You need to love what you do, says CFO Glen Zulu

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Glen Zulu, the Information Regulator CFO, says her career growth in the public sector is rooted in her passion for what she does.

“The important thing about any career, including my one, is that you need to love what you do,” says CFO at the Information Regulator, Glen Zulu. “When something is in your DNA, you don’t even feel like you’re working.” Having built a successful career out of her love and natural aptitude for numbers, Glen is proof of the adage that if you love what you do, you’ll never work a single day in your life.

“I wouldn't say that I chose the career, the career chose me,” Glen recalls. “One of my late high school teachers, Mr Heuwer, suggested that I pursue a line in finance because I was finding it very easy to juggle numbers and concepts like debits and credits. That’s how I started. It always felt like second nature – it was fate.”

In such a context it’s easy to grow, says Glen, because you keep committing yourself and wanting to understand more and so you naturally expand your scope.


Forging a career path

Having spent much of her working life in public service, Glen says that the beauty of the sector is that it’s focused on helping employees forge strong career paths. Her mentors along the way also took an invaluable interest in her career progression, she adds, encouraging those entering finance to find their own mentors who will guide them through their individual journeys.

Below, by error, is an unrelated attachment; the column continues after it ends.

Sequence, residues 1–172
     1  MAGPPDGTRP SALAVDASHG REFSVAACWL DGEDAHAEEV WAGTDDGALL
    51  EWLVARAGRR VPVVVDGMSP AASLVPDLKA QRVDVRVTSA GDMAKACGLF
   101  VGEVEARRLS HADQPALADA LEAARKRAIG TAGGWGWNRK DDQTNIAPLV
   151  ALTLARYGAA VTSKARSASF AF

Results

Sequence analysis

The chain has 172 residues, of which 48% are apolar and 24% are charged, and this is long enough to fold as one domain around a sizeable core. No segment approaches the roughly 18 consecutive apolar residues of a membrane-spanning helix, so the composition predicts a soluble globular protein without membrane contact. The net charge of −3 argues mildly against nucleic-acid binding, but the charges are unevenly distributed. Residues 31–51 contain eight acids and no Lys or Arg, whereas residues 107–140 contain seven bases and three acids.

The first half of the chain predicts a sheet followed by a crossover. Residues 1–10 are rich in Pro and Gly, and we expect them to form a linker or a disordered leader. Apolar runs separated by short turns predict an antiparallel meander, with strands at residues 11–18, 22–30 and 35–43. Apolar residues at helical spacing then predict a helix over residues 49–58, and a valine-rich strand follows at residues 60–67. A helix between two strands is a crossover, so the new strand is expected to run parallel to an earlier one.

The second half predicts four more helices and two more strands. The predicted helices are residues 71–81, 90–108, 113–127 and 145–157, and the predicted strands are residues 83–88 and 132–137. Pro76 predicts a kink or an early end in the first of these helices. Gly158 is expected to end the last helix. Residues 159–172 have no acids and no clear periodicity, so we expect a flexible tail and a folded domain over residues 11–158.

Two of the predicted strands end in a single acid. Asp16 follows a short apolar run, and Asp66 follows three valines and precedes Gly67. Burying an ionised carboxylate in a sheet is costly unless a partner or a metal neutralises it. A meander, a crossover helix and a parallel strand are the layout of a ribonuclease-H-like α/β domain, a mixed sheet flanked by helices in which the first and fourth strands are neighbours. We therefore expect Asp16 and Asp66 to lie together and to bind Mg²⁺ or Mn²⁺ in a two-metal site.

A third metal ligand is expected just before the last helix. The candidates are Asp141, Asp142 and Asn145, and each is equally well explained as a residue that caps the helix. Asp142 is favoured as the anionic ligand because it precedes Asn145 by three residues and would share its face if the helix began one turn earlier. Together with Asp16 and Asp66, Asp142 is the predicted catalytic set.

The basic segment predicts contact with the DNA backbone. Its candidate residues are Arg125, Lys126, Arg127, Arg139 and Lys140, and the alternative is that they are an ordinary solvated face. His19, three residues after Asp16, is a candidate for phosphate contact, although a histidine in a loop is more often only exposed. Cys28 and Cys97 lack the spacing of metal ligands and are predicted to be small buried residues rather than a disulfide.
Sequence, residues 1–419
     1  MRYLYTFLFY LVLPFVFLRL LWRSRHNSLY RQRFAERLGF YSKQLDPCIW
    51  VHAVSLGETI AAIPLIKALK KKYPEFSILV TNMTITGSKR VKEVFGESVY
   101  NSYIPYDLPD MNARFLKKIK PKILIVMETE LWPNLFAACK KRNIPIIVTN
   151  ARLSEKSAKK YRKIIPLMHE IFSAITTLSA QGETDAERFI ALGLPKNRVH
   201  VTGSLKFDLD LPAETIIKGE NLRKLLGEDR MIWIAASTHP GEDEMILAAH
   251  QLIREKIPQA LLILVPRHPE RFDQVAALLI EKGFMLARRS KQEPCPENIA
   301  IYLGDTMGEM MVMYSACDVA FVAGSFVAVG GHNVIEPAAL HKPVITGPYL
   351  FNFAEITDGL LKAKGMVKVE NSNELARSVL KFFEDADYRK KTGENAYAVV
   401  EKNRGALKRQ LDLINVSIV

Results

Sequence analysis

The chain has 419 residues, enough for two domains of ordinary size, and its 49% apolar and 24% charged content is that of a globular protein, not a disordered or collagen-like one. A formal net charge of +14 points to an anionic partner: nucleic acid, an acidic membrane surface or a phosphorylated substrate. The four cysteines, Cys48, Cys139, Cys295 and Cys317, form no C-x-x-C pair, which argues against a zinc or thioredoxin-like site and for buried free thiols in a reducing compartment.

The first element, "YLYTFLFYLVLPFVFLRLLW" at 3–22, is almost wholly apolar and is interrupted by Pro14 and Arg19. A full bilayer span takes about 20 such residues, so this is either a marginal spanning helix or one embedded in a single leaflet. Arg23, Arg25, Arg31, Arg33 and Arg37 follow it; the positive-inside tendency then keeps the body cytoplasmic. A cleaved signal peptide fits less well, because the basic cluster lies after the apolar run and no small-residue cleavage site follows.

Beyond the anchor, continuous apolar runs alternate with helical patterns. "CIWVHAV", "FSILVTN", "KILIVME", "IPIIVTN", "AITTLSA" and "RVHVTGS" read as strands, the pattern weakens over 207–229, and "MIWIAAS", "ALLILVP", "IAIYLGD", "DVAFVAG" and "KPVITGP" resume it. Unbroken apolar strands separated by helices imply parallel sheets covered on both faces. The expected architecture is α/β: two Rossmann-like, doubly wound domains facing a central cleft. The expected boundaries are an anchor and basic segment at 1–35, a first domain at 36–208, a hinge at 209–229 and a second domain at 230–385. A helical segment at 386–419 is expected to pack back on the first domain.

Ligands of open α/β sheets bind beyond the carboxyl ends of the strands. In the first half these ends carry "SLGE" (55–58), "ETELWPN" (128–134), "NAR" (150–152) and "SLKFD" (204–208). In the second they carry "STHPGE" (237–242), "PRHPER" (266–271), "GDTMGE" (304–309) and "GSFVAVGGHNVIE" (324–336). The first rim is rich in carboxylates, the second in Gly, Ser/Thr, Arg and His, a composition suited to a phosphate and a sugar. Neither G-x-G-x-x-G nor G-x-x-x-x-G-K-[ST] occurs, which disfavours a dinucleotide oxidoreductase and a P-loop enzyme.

Glen began working as a state accountant at Public Enterprises in 2000 and soon climbed the ladder to senior state accountant, assistant director, deputy director and director, moving through departments including Public Works and the Presidency. “The Presidency is where I got most of my opportunities,” she says.

“After I had been appointed as director, I acted as the CFO there for about two and a half years. I didn't apply for the permanent position as I didn't think I was ready.” Yet she took her chances with applying for the CFO role at the Department of Science and Technology, got the job and immediately attained a clean audit, which she considers to be her proudest career moment.

“It was a very exciting time of my life,” she says. “As I had been in the Presidency prior to this taking on the role, they poached me back because then they realised that while I may not have applied, I was the right person for the position.”

After about eight years in the Presidency, Glen decided it was time for a new challenge and so was appointed as the CFO at the Information Regulator in 2022. Just before she left the Presidency, she attained another clean audit, perfectly rounding off a highly rewarding chapter of her career.


Navigating public sector challenges

While it offers significant opportunities for career progression, a common challenge in the public service is reduced funding, says Glen. “Slow economic growth affects cash flow and therefore reduces the availability of resources that we have to implement our mandates.” Allocating limited, in-demand resources is therefore difficult. “In my space, there are a lot of compliance requirements, which come at a cost,” Glen explains. “When you can no longer implement what’s required because of a resources’ shortage, it becomes very frustrating.”